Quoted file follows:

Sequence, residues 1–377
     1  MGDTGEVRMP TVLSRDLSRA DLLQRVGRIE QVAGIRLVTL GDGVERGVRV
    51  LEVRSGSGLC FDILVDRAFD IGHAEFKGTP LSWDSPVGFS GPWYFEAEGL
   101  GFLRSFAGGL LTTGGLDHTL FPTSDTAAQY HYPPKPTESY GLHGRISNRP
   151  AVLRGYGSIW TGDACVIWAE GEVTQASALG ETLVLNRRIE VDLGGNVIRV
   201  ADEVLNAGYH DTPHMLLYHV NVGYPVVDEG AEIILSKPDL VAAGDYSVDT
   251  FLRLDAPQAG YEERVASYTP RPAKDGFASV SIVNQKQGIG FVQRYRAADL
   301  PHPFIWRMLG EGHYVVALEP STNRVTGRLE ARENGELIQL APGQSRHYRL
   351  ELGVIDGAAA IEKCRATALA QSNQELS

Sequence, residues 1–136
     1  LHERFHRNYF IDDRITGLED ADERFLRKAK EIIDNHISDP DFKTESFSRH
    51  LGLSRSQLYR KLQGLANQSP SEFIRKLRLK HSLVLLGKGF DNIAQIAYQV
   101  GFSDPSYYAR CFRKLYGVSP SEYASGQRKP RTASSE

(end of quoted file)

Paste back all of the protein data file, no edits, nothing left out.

Sequence, residues 1–377
     1  MGDTGEVRMP TVLSRDLSRA DLLQRVGRIE QVAGIRLVTL GDGVERGVRV
    51  LEVRSGSGLC FDILVDRAFD IGHAEFKGTP LSWDSPVGFS GPWYFEAEGL
   101  GFLRSFAGGL LTTGGLDHTL FPTSDTAAQY HYPPKPTESY GLHGRISNRP
   151  AVLRGYGSIW TGDACVIWAE GEVTQASALG ETLVLNRRIE VDLGGNVIRV
   201  ADEVLNAGYH DTPHMLLYHV NVGYPVVDEG AEIILSKPDL VAAGDYSVDT
   251  FLRLDAPQAG YEERVASYTP RPAKDGFASV SIVNQKQGIG FVQRYRAADL
   301  PHPFIWRMLG EGHYVVALEP STNRVTGRLE ARENGELIQL APGQSRHYRL
   351  ELGVIDGAAA IEKCRATALA QSNQELS

Sequence, residues 1–136
     1  LHERFHRNYF IDDRITGLED ADERFLRKAK EIIDNHISDP DFKTESFSRH
    51  LGLSRSQLYR KLQGLANQSP SEFIRKLRLK HSLVLLGKGF DNIAQIAYQV
   101  GFSDPSYYAR CFRKLYGVSP SEYASGQRKP RTASSE